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Medicine Classics

Discussion in 'Internal Medicine and IM Subspecialties' started by HarryGary, Aug 8, 2011.

  1. HarryGary

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    Off the recommendation of one of our MICU attendings, I just read Cope's Early Diagnosis of the Acute Abdomen, a thin little book that gives a detailed overview of how to approach any patient with belly pain. Having read it, I can see why it's considered a medicine classic (even though it's written for surgeons). Highly informative and concise.

    Anyone know of any other books they'd consider a classic or just a great read on a medical topic?

    (Sorry, we can go back to asking if people with 250 steps have a shot at a bunch of medicine programs later).
     
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  3. Bike on a Trek

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    Plum and Posner, Diagnosis of Stupor and Coma
     
  4. drfunktacular

    drfunktacular ANA ≠ SLE
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    Slightly different but similarly satisfying is Sapira's Art and Science of Bedside Diagnosis

    For EKG Marriott's Practical Electrocardiography is authoritative (up until the 8th edition, which I believe is the last one he wrote solo)
     
  5. Bike on a Trek

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    Marriott's meets my definition of a classic that requires it to be around for a long time. But, Dubin's programmed text is right with Marriott's as a basic learning tool.

    Sapira's is a bit quirky and hasn't been around long enough to be a classic (despite it's style that suggests it belongs in the category). For physical examination texts, the classic would be DeGowin's and DeGowin's that has been around forever with Bates being the more recent entry.
     
  6. HarryGary

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    Read the Amazon reviews for Sapira and picked it up anyway.

    I remember the neurology residents talking about Plum's book way back in med school. Will pick that one up eventually, too.

    Here's a list we can add to now

    1. Cope's "Early Diagnosis of the Acute Abdomen"
    2. Plum "Diagnosis of stupor and coma"
    3. Marriot "Practical Electrocardiology"
    4. +/- Dubin "Rapid interpretation of ECGs"
    5. +/- Sapira "Art and science of bedside diagnosis"

    Any thoughts on one for general radiology?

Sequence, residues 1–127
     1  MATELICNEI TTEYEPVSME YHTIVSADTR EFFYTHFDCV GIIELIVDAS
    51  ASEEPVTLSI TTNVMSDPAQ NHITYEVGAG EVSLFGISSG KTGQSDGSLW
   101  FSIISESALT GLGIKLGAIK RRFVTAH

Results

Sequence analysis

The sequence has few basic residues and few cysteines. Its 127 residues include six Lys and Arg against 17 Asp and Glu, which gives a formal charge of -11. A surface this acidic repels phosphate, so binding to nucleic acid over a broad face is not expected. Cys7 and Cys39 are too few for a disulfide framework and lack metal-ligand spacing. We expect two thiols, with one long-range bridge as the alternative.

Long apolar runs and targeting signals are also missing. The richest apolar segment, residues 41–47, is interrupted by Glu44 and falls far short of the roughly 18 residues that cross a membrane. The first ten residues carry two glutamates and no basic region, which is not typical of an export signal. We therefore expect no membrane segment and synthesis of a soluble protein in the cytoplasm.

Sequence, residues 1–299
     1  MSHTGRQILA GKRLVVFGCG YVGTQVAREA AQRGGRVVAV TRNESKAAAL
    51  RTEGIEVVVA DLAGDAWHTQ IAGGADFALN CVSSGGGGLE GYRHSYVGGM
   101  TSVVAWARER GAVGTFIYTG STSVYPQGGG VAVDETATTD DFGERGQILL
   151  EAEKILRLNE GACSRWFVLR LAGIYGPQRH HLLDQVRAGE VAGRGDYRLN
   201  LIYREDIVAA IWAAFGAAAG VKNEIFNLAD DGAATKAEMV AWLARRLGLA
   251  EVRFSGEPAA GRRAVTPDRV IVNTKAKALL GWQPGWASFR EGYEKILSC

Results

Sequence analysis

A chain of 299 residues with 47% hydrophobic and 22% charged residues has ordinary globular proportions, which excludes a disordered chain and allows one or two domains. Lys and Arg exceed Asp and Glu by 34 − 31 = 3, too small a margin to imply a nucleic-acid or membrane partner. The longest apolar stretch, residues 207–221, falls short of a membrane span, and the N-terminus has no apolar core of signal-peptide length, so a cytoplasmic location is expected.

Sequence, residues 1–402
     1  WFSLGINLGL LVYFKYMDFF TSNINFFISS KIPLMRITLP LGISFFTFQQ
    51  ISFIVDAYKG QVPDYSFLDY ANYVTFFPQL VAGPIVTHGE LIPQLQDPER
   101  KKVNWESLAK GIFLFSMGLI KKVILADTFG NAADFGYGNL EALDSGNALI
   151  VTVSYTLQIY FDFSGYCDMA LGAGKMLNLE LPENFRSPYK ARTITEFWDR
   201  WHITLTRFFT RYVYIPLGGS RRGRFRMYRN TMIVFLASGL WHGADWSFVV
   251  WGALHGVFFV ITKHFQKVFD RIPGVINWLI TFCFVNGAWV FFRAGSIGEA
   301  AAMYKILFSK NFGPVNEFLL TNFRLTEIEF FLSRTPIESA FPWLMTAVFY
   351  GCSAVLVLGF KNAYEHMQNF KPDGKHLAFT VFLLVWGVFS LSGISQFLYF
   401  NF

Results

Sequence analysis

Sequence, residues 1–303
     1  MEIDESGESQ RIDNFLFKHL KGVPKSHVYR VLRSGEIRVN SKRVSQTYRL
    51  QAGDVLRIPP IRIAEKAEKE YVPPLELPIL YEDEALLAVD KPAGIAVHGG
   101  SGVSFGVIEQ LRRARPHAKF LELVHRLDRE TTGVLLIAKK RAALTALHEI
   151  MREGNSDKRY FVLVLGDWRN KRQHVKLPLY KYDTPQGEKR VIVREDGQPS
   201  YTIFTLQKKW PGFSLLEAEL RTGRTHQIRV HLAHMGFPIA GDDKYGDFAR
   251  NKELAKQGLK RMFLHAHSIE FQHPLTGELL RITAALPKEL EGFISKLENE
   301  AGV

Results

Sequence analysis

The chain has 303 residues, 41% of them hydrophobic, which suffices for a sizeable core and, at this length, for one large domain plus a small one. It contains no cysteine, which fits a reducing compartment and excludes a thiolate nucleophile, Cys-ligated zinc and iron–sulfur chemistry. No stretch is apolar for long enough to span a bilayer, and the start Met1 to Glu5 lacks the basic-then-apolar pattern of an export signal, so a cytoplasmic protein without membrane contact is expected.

7. drfunktacular

    drfunktacular ANA ≠ SLE
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    General radiology might be a bit broad for a reasonably concise volume; regarding the chest X-ray, however, there is Felson's Principles of Chest Roentgenology. I think it should go on the list.
     
  8. inspirationmd

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    House of God...every med student should be required to read it. Still relevant even after 30 years...
     
  9. HarryGary

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    House of God disappointed me, but I agree it should be on this list.

    Gawande's Complications and Better are excellent. Checklist Manifesto is ok.

    Emperor of Maladies by Mukherjee is also great.
     
  10. witchbaby

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    I remember hearing this several times when I was a medical student, and finally picked up the book and read it. I thought it was disgusting and I would never be that jaded. I couldn't figure out why anyone would recommend it.

    I started reading it again last summer after finishing residency. Much of the book resonated. I'm not sure whether I should be depressed because I'm now a jaded, burt-out doctor in the old school, or happy that I now understand why it's a classic. . .

    (For the record, I may be jaded, I am not burn-out, but I do have a different perspective after residency, one which I like to think of as 'realism' and one which aligns more with House Of God than my medical school perspective did.)

    So if you're a med student (or a shiny new optimistic intern) reading this thread - read House of God now if you want a mirror on your own changes through medical school and residency. It's a crazy fun-house mirror though, and you might not like your reflection. Read it after at least a year of residency if you just want to say you've read and enjoyed a medicine classic.
     

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